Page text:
Dec 18, 2014 02:02 PM EST
While many were not quite surprised to hear the European Space Agency (ESA) clenched the win for journal Physics World's Breakthrough of the Year 2014 for its landing of the Rosetta mission's Philae Lander on a speeding comet 511 million km away, most are also not aware that the list doesn't just end there.
"The Physics World 2014 Breakthrough of the Year goes to ESA's Rosetta mission for being the first to land a spacecraft on a comet" editors for Physics World announced in a press release late last week. "History was made at 15:35 GMT on 12 November 2014 when the Philae module touched down on the surface of 67P/Churyumov-Gerasimenko, a comet 511 million km from Earth and hurtling towards the inner solar system at nearly 55,000 km/h."
But there are also nine other breakthroughs from 2014 that nearly won the race, as well. While the Rosetta mission was clearly the favorite amongst the editorial and writing staff of the journal during the selection of this year's winners, it also wasn't exactly a landslide. By landing the Philae on a distant comet, the ESA was able to ensure a win against domestic discoveries, however researchers and experiments bound to Earth were also highly considered for the prestigious award as well.
"The top-10 breakthroughs were chosen by a panel of six Physics World editors and reporters," editors for Physics World say. "And the criteria for judging the top 10 included: fundamental importance of research, significant advance in knowledge, strong connection between theory and experiment, and general interest to all physicists."
Below are the remaining nine runners-up who were not deeming the breakthrough of the year, but in spite of their second-place position does not mean the discoveries were not worth celebrating and commending on a grander scale.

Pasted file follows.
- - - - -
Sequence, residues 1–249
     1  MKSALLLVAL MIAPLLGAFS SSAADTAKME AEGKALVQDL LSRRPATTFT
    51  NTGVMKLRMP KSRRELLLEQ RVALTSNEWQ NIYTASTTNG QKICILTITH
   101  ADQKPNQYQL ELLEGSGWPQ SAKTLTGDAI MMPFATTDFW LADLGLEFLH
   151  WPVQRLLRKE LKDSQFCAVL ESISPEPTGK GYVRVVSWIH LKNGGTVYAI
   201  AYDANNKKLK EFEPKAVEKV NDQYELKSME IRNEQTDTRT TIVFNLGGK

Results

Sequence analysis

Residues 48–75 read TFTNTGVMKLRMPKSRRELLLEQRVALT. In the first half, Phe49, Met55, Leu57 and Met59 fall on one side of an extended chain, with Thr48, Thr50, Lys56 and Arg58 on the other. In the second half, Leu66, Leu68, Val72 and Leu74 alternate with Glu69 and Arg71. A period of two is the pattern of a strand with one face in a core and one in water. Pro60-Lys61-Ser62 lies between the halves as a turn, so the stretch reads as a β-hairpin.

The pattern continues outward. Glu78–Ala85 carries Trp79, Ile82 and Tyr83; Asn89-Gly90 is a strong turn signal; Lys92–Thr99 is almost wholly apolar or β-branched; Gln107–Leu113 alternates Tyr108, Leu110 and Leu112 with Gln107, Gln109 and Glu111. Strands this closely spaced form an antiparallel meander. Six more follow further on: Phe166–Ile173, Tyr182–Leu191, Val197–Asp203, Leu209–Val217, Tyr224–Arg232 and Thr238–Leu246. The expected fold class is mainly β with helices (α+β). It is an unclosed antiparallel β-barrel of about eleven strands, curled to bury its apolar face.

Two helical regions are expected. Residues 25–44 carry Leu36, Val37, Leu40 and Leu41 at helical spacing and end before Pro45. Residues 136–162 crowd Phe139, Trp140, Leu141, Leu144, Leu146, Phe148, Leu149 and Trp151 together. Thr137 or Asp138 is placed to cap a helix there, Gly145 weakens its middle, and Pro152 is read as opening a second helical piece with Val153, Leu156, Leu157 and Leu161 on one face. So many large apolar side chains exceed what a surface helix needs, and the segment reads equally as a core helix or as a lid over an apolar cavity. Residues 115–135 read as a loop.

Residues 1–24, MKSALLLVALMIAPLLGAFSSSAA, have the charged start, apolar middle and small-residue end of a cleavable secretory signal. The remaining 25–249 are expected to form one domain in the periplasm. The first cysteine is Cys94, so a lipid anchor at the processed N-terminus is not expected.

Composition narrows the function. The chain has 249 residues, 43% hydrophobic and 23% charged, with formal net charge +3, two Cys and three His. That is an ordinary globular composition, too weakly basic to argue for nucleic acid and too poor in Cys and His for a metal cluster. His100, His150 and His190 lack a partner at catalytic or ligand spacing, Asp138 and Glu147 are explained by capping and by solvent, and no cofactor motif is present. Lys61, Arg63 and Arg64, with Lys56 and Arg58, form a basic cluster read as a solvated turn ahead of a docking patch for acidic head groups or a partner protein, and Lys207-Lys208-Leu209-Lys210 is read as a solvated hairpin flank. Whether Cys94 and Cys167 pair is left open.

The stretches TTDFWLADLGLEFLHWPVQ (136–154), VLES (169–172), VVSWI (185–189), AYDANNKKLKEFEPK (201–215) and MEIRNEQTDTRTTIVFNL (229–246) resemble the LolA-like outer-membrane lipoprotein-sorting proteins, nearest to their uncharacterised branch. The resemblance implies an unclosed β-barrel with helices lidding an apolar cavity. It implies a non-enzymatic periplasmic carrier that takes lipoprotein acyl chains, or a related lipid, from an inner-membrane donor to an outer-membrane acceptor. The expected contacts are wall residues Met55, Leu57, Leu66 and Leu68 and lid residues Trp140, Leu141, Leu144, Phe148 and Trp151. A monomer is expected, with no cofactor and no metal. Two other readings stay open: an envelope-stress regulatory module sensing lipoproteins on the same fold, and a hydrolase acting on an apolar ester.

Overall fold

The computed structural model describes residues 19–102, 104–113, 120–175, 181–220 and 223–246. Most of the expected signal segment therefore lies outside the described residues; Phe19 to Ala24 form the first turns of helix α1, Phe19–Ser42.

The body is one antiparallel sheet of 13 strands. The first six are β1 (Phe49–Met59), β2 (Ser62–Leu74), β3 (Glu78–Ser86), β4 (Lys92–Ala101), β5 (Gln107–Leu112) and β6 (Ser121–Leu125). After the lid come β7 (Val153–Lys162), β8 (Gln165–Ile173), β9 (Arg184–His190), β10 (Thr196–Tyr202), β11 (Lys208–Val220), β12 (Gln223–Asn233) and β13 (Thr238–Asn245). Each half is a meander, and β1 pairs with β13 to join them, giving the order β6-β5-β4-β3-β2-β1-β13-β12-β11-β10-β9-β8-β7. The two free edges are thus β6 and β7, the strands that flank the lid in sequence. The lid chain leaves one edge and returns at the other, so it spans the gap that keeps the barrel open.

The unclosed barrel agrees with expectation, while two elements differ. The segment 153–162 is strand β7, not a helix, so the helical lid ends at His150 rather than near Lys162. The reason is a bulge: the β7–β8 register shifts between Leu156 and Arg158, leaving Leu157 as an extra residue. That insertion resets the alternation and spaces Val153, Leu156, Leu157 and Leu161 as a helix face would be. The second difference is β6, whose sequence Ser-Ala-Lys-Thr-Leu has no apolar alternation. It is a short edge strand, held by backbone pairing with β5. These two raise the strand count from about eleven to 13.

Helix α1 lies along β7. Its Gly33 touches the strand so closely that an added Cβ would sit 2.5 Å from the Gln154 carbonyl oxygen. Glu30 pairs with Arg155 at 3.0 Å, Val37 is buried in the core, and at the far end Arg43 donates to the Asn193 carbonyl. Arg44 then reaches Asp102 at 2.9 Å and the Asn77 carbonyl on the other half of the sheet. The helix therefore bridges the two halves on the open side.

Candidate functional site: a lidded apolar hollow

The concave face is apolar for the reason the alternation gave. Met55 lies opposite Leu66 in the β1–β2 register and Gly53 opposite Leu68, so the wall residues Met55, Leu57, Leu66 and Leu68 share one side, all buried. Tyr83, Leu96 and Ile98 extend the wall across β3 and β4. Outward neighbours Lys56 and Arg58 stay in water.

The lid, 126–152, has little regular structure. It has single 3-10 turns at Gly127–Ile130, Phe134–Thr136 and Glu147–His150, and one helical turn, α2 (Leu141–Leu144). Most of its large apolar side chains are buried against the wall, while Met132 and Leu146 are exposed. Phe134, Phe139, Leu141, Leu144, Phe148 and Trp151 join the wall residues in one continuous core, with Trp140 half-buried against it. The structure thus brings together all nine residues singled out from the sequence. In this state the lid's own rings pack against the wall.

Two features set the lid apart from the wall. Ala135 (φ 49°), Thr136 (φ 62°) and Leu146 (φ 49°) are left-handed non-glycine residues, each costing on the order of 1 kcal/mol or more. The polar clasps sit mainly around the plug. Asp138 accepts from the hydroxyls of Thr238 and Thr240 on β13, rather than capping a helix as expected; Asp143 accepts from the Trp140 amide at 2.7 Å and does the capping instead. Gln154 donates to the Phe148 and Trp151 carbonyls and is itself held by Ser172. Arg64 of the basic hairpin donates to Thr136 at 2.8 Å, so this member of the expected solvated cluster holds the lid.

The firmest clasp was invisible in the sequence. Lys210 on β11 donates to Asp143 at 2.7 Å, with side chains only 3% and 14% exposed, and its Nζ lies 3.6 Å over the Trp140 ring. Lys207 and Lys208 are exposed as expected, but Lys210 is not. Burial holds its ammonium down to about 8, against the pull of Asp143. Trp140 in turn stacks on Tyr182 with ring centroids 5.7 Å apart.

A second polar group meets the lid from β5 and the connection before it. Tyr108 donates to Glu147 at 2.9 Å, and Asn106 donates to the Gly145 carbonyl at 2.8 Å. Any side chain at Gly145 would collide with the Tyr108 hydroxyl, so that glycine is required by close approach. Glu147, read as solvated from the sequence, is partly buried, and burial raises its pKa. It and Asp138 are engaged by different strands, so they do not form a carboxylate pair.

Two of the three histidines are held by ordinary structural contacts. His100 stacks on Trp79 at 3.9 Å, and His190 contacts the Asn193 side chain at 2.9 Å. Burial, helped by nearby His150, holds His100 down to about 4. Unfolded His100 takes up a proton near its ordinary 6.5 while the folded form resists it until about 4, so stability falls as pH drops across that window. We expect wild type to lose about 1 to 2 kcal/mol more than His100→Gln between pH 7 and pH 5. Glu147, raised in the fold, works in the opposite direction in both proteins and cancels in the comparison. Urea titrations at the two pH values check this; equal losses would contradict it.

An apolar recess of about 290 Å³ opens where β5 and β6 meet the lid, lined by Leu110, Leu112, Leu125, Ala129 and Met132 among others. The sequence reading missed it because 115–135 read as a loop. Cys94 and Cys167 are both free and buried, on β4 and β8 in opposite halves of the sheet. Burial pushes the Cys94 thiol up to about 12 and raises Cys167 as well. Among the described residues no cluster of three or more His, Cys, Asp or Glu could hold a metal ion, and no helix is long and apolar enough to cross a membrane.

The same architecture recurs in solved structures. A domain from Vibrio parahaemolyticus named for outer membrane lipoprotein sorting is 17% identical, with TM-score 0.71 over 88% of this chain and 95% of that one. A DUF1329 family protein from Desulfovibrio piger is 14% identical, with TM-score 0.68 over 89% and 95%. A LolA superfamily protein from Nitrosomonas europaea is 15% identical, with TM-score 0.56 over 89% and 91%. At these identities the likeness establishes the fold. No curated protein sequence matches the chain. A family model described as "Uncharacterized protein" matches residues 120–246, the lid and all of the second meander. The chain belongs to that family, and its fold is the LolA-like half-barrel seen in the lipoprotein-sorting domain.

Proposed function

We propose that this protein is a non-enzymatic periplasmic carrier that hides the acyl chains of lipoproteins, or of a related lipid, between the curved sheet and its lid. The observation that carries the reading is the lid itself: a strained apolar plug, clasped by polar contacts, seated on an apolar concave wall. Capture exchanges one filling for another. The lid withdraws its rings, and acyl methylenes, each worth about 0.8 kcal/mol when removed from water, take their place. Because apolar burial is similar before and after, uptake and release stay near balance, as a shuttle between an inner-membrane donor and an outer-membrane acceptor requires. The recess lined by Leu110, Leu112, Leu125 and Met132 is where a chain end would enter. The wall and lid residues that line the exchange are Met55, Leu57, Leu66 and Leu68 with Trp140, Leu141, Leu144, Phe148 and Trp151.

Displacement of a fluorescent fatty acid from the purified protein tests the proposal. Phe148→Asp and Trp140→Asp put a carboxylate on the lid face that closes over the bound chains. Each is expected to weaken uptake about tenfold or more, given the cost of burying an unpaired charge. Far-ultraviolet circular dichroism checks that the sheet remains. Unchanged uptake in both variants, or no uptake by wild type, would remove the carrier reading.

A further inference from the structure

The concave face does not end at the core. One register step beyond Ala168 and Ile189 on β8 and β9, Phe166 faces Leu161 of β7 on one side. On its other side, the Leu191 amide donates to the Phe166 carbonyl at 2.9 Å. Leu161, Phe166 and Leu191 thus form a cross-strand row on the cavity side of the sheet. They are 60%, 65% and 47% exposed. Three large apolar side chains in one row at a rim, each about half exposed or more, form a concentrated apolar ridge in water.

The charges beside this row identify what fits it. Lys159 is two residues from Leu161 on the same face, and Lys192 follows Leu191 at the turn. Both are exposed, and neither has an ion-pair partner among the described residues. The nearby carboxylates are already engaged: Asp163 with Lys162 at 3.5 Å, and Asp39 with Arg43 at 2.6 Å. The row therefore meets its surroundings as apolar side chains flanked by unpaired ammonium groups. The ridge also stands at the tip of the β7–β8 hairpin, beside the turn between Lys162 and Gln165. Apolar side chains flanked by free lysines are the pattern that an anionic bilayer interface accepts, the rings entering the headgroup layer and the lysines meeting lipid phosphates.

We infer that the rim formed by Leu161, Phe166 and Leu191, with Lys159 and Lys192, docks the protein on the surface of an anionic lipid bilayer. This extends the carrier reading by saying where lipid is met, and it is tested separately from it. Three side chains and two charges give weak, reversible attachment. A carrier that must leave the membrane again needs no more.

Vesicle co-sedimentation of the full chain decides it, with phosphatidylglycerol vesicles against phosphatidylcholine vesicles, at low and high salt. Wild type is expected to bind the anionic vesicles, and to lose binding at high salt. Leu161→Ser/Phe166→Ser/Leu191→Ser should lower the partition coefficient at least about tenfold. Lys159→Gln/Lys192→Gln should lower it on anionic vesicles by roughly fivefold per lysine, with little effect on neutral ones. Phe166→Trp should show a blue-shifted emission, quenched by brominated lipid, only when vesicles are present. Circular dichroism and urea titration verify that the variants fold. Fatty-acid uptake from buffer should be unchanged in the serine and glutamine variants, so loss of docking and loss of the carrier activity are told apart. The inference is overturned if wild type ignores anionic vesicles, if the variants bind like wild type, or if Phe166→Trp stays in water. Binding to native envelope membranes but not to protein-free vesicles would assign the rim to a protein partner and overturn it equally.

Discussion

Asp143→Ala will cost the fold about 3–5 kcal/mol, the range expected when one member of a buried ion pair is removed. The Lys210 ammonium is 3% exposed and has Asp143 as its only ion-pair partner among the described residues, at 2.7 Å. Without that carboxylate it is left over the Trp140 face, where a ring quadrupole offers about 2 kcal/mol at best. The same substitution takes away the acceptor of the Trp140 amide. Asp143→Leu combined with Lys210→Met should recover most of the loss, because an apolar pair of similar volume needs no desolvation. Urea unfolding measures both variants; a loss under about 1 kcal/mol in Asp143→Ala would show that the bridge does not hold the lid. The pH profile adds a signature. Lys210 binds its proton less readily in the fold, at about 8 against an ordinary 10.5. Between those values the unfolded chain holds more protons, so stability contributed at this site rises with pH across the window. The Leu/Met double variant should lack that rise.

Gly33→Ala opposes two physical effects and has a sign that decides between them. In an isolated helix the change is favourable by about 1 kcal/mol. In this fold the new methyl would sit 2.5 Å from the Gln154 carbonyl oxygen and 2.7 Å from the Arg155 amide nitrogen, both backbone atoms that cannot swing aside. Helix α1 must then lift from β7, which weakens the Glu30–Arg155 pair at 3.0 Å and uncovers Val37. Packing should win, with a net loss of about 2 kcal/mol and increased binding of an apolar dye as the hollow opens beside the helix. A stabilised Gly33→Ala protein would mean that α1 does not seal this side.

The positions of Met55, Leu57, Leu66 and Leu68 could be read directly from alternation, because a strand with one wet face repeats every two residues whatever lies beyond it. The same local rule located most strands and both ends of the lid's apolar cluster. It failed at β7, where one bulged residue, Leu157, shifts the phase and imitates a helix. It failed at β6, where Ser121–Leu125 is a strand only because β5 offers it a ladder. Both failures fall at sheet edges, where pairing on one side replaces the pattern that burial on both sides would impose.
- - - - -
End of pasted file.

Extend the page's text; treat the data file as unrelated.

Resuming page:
*Researchers from the University of California, Santa Cruz along with Max Planck Institute for Astronomy veterans in Germany develop a method using the radiation given off by a quasar to view the first recorded glimpse of a filament they believe to be a part of the "cosmic web" that holds all matter in the universe together.
*Solar physicists from the Borexino collaboration were first to detect theorized particles called neutrinos, out of the main nuclear fusion and fission reactions that power stars, and even our very own Sun.
*Members of the National Ignition Facility (NIF) and the Los Alamos National Laboratory were first to obtain a "fuel gain", important in promising nuclear fusion reactions for future energy production, far greater than one in laser-driven nuclear fusion and fission reaction experiments within the lab.
*Researchers of the Weizmann Institute of Science in Israel became first to measure the extremely weak, yet absolutely critical, magnetic interactions between two single electrons; much like involved in the process of bond formation.
*In studying the future of optical fiber networks, colleagues from the University of New Mexico, Corning Inc, Clemson University, and the University of Wisconsin-Milwaukee were able to utilize the "Anderson localization" phenomenon to create more efficient optical fibers for transmission of images.
*Physicists from the University of California, Riverside and the Kotel'nikov Institute of Radioengineering and Electronics in Russia developed a new type of holographic memory storage device, which is founded on the interference of spin waves-magnetic waves conducted through wire.
*An international team led by researchers at the University of Oxford used the world's most powerful laser facilities to crank up the heat and create tiny versions of supernova explosions in the laboratory setting.
*Researchers from the University of Toronto, Canada were first to demonstrate a quantum analogue of data compression in the lab, which made conventional data-compression schemes irrelevant, as to avoid the process that destroys quantum information.
*Last, but not least, are researchers from the University of Dundee in the UK and Illinois Wesleyan University who created the first acoustic "tractor beam" that works by pulling an object entirely using the force of sound waves. Though often a staple in science fiction, especially when considering extra terrestrial creatures, the tractor beam may seem to defy physics, but researchers say that this "tractor beam" of sound waves may in fact help doctors deliver drugs to the proper part of your system one day.
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